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Turpentine and dandelion wine…

It’s no secret that Kentucky is home to all things deliciously intoxicating when it comes to your dark liquors. The distilleries that dot its landscape have produced innumerable favorites that line the shelves of bars across this great nation and which, to put it bluntly, can pretty easily knock you on your ass. You know, every name in good bourbon and rye you can think of off the top of your head: Jim Beam, Buffalo Trace, Bulleit Frontier, Marker’s Mark, Wild Turkey…they’re all Kentucky-bred. And if you yourself are Kentucky-bred, you’re well acquainted with all sorts of fantastic food and drink – plus some killer natural wonders and an even mix of small-town charm and big-city lights – that the Bluegrass State has to offer.

As it turns out, certain aspects of the Kentucky legal system share in that laid-back spirit. If you’ve been busted for drinking and driving, you might not think we’re talking to you – but guess what? We kinda are. This sort of an offense definitely is not an issue to be taken lightly, as it puts your life and those of many others at risk anytime you decide that the place you’re driving is “just around the corner.” However, you’ll find that if you’re stopped in a situation where no one got hurt, Kentucky is not the worst place in the world to turn that twist of fate around. For more details on the subject, read on.

An “enhanceable offense”

As is the case in other states, there is a period of time in Kentucky which must pass before your DUI is considered a first-time offense, even if other such offenses have occurred in the past. Those old charges still remain on your record, but are not racked up along with newer charges to qualify you for harsher punishments. In Kentucky, that time period is only five years. The fact that a DUI is considered an “enhanceable offense” in this state’s legal system simply means that if multiple infractions occur within five years of one another, the penalties associated with each subsequent offense are weighted much more significantly, and can do more long-term damage to both your financial standing and your reputation.

So what is against the law when it comes to drinking and driving here? For all intents and purposes, let’s go ahead and define what makes “one more” turn into “one too many.” In the state of KY, you are breaking the law if:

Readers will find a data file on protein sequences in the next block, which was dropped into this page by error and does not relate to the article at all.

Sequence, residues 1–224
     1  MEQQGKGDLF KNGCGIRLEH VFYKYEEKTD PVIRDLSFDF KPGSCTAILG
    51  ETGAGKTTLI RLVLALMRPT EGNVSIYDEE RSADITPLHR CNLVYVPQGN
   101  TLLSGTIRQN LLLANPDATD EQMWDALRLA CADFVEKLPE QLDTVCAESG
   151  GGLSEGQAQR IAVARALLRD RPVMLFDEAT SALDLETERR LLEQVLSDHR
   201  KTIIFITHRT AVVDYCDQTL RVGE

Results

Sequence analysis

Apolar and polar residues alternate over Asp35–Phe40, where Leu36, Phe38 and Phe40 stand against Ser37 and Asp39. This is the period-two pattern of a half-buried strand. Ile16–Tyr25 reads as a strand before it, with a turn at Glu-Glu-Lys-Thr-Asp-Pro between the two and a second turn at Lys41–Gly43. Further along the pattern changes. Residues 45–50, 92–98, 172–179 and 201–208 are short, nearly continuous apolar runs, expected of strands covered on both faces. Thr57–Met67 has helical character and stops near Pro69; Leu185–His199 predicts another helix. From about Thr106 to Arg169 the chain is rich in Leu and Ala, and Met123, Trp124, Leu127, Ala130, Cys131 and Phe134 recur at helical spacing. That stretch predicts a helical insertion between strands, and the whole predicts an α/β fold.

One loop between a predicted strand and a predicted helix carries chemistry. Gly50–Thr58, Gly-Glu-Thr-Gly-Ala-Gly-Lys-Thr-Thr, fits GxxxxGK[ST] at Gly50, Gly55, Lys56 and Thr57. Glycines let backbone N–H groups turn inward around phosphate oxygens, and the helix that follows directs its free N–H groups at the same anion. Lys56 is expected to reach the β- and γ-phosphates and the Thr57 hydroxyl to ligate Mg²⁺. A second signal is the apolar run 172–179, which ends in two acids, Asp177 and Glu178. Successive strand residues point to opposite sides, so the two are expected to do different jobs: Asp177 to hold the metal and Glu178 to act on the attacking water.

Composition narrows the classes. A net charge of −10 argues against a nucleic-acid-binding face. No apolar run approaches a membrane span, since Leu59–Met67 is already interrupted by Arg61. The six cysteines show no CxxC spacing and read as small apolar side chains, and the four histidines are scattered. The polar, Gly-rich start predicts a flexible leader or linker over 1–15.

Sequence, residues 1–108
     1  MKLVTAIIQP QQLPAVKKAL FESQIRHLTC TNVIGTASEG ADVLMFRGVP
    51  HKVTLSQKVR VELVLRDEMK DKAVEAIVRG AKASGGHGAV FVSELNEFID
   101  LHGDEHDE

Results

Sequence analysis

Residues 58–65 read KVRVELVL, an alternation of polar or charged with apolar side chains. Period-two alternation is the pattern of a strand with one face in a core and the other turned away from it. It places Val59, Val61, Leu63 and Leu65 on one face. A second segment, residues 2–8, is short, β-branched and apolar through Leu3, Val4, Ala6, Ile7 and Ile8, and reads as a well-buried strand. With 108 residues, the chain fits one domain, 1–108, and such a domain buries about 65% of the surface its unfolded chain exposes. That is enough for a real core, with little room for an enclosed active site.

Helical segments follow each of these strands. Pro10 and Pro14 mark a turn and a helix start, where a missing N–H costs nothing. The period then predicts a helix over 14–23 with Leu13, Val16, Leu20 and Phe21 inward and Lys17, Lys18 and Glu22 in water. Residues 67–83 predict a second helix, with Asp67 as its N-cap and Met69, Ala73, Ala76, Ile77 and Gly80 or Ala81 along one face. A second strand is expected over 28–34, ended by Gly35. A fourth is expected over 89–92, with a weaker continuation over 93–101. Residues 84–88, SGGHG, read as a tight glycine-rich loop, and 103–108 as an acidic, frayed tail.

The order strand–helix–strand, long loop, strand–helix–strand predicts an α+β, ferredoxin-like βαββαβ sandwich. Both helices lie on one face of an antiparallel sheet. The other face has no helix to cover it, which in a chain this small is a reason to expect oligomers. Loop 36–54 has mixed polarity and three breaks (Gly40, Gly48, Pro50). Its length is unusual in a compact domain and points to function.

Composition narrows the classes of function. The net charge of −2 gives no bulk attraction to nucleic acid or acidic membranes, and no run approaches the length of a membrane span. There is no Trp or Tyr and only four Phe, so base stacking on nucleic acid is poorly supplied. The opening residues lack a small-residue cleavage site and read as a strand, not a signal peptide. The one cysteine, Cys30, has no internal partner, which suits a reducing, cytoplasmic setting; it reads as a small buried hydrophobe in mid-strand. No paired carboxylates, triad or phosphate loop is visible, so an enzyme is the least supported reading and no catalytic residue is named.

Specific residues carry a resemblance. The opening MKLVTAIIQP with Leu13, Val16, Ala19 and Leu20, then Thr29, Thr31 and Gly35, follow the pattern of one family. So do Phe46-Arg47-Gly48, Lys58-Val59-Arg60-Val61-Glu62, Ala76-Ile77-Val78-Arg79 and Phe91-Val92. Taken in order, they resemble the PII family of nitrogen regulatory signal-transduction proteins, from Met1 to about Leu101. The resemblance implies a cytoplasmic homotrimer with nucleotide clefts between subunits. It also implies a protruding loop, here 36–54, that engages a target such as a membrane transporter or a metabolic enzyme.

• Your BAC is 0.08% or higher and you are 21 years of age or older.
  • Your BAC is 0.02% or higher and you are under the age of 21.
  • Your BAC is 0.04% or higher and you are operating a commercial vehicle.

Although the penalties associated with various degrees of DUI offense aren’t as extreme as those in other parts of the U.S., there are still many moving parts included in a guilty verdict. You’d better believe that going into trial without the help of a lawyer will absolutely result in all sorts of long-lasting shit you never knew you’d have to deal with. Ultimately, it’s up to you. Do what you need to do in order to learn your lesson, because seriously – drinking and driving isn’t cool, no matter how high you think your tolerance is.

What to expect

If you’re going into a situation involving probable guilt regarding a drinking and driving case, or know someone who is, it helps to have a general frame of knowledge about all the possible consequences. Given the fact that pretty much everyone knows you’re not supposed to drink and drive, don’t expect any special treatment if it’s your first time. While reading over the following consequences, it’s important to keep in mind that cases in which the defendant’s BAC is at least twice the legal limit, you’re going to start seeing increased severity in certain areas. We’ll be sure to point these out as we move on.

  • First offense: (misdemeanor)
    • Jail time for at least two days and no more than 30 days. In some cases, it is possible to petition the judge for community service time (to equal the amount of jail time prescribed) in place of said jail time. If your BAC is 0.15% or higher (or if you meet any other “aggravating factors” that we’ll discuss later), jail time is automatically increased to a minimum of four days.